The World Heritage Committee of UNESCO decided Saturday to inscribe Mount Fuji on the U.N. agency’s prestigious World Heritage list.

The 3,776-meter volcano straddling Yamanashi and Shizuoka prefectures was approved by the 21-member panel of the U.N. Educational, Scientific and Cultural Organization during its 37th session in Cambodia’s capital.

Japan’s highest and most celebrated peak was designated a “cultural” rather than “natural” site and registered under the title “Mt. Fuji: Object of Worship, Wellspring of Art. Read more


The Fujisan Hongu Sengen Taisha (pictured below) and Shizuoka Shizuoka Sengen Shrines are just but two of some 1,300 Asama shrines, centered mainly in Shizuoka and Yamanashi prefectures(and nearly all with a view of Mt Fuji), with a strong mountain cult based on the veneration of the kami of volcanos in general, and Mount Fuji in particular.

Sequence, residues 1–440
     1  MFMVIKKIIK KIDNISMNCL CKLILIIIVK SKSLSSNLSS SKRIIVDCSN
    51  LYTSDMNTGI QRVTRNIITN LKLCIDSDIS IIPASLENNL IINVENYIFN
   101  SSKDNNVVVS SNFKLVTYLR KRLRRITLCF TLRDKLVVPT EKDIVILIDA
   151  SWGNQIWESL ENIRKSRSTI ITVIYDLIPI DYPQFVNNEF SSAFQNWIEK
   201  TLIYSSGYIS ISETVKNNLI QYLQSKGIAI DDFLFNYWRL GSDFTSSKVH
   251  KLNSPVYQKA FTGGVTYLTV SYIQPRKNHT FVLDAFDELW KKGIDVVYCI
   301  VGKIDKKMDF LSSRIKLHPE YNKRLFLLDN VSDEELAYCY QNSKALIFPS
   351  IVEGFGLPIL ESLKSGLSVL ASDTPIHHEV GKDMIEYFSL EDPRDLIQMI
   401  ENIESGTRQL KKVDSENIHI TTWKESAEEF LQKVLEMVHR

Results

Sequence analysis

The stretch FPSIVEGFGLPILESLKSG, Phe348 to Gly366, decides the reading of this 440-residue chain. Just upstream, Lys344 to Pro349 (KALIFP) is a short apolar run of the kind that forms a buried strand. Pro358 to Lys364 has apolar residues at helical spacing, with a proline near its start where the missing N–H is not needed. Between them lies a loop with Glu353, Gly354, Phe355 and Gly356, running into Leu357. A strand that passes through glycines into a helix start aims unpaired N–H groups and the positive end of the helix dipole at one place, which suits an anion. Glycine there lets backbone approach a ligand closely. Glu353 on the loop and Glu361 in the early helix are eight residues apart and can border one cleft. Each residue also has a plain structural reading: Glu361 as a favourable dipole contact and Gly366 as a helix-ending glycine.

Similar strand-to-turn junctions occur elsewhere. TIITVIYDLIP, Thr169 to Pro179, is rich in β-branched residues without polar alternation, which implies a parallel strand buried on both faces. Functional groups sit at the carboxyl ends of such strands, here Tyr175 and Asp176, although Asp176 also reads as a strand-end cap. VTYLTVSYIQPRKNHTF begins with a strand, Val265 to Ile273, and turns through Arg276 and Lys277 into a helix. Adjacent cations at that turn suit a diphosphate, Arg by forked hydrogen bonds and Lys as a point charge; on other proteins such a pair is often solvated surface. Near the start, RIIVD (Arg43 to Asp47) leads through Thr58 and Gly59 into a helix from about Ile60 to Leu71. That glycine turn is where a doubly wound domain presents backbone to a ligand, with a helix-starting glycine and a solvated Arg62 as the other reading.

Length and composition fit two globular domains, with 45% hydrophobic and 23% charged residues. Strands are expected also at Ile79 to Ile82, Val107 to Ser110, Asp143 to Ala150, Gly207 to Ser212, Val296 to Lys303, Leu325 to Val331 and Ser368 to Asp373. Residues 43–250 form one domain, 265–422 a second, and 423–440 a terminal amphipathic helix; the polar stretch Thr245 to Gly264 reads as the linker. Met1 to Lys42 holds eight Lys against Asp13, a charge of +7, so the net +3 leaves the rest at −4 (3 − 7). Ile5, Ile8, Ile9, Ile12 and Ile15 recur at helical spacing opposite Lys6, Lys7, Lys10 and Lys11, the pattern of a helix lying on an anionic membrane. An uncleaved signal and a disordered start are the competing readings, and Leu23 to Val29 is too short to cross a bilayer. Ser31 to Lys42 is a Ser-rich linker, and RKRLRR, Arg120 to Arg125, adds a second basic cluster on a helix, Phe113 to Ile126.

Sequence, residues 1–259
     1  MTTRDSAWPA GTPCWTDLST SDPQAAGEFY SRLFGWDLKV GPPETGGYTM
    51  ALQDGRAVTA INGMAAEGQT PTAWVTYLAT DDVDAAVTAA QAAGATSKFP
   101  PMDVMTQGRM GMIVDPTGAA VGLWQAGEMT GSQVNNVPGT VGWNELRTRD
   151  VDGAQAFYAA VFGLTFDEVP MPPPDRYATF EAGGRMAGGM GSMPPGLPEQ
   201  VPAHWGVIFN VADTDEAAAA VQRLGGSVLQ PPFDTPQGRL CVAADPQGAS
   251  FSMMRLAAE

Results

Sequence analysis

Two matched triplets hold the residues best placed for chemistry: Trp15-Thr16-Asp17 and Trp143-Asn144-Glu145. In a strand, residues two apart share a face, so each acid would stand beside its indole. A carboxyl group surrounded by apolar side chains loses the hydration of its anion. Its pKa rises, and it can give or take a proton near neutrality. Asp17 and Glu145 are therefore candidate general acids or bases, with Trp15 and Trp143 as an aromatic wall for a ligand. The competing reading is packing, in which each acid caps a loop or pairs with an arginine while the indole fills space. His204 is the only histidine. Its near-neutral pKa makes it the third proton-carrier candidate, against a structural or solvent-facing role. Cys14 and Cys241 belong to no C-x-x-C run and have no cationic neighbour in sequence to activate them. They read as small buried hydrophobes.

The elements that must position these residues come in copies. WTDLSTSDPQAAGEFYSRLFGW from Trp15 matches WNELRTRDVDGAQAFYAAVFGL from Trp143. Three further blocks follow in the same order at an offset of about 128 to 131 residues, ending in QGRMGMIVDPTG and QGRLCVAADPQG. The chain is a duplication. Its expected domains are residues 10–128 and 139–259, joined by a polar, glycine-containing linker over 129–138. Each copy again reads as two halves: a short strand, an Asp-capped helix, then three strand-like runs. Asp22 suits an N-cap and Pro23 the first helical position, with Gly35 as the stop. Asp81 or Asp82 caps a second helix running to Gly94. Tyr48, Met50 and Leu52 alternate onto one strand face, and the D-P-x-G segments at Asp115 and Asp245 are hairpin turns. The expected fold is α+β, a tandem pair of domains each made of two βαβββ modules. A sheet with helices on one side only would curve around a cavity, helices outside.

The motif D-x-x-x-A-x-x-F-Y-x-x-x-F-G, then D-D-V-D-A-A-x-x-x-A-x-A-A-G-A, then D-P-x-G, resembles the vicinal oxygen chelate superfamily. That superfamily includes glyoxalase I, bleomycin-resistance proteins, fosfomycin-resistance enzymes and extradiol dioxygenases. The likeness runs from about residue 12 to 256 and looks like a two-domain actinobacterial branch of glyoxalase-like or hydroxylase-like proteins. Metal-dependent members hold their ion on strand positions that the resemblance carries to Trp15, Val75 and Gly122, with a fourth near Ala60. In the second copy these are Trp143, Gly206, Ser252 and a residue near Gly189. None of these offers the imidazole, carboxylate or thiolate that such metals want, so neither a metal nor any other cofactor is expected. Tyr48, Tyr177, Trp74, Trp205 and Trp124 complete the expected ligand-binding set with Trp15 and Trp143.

Fujisan Hongu Sengen Taisha in Fujinomiya, Shizuoka, Japan, late 16th century, Muromachi era

Fujisan Hongu Sengen Taisha in Fujinomiya, Shizuoka, Japan, late 16th century, Muromachi era

On the cult of Mt. Fuji from Asama Shrines:

“The derivation of the word “Asama” is subject to considerable uncertainty and debate, but the original meaning of the word appears to be connected with volcanoes or volcanic eruptions, and the presence of water springs in the foothills of such mountains. Mountain-worship based cults centered on Mount Asama(浅間山 Asama-san?) in Niigata and Mount Asama (朝熊山 Asama-yama?) in Mie appear contemporary with the mountain-cult centered on Mount Fuji, via references in the Man’yōshū.[4] However, worship of Mount Fuji, as the tallest and most famous volcano in Japan came to dominate. Mount Fuji has erupted eighteen times in recorded history. In order to pacify it, the Imperial Court awarded it court rank and venerated it as Sengen Ōkami in the early Heian period

According to shrine tradition from the Fujisan Hongū Sengen Taisha, Sakanoue no Tamuramaro moved an existing shrine from the slopes of Mount Fuji to the lowlands during the reign of Emperor Suinin.[5] Traditions also exist associating Mount Fuji with immortality-seeking wizards, and attribute the legendary mystical powers of En no Gyōja to his training on the mountain.